comScore Nintendo Devs Credit Animal Crossing: New Leaf’s Success To Having A Gender-Balanced Team | The Mary Sue

Nintendo Devs Credit Animal Crossing: New Leaf’s Success To Having A Gender-Balanced Team

There was a time in 2013 when I was convinced that I was the only person on the internet not playing Animal Crossing: New Leaf. I knew that it was enormously popular (it’s sold over 7 million copies thus far, and gave the 3DS a significant sales boost). I knew that I couldn’t go on Tumblr without encountering a gazillion gifs of it. But here’s a thing I didn’t know — nearly half of the game’s development team was female. And the way Nintendo sees it, that played a big part in New Leaf’s success.

As detailed by Laura Hudson in an article at Wired, Nintendo approached New Leaf with a sensible line of thinking: If you want a game that appeals to both men and women, why not have both men and women make it? Director Aya Kyogoku, who recently spoke at the annual Game Developers Conference, said that the experience of working on a more balanced team was eye-opening.

“Having worked on this team where there were almost equal numbers of men and women made me realize that [diversity] can open you up to hearing a greater variety of ideas and sharing a greater diversity of ideas,” she told WIRED. “Only after having working on a project like this, with a team like this one, was I able to realize this.”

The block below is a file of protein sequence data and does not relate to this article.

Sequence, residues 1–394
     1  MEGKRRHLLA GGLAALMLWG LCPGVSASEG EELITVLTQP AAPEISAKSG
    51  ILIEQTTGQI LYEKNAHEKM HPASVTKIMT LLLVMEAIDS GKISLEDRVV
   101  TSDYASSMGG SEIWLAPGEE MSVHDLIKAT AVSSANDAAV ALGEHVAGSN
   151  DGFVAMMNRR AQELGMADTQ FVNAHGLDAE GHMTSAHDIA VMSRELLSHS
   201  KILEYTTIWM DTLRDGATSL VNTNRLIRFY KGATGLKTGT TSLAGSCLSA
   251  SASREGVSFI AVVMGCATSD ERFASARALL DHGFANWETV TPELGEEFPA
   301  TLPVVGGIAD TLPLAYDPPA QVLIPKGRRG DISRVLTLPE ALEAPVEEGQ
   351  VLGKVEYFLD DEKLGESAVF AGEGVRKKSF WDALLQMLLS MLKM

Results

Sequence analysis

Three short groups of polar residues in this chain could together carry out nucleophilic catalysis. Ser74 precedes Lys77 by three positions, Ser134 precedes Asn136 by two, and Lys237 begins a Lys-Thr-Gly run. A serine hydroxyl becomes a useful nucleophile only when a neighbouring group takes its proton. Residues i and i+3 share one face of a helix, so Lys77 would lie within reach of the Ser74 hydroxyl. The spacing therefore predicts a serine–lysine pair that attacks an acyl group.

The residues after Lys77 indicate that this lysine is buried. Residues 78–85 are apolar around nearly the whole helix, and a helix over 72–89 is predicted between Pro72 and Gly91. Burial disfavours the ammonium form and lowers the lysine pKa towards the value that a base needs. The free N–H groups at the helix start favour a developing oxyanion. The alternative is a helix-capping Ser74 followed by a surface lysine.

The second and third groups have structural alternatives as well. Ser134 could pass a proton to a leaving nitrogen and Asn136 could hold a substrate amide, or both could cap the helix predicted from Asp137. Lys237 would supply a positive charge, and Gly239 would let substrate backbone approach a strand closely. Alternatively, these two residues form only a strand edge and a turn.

Producer Katsuya Eguchi, who has led the Animal Crossing team since its N64 days, echoed these sentiments.

“We wanted to make sure that the content allowed all the players to express their individuality,” [Eguchi] said during the GDC talk, “that it is was something men and women of all ages would enjoy. So in order to view the project from a variety of perspectives, we made sure the team was made up of people from various backgrounds and life experiences.”

I feel there’s only one appropriate way to express my feelings toward that.

On the subject of diversity, Hudson asked Kyogoku about the noted lack of skin color options for player avatars. Kyogoku replied that they wanted players to “represent and express their individuality, so there are a variety of things we are planning on doing to facilitate that in the future.” I know a lot of players who’d love to see that happen.

Read the full article at Wired.

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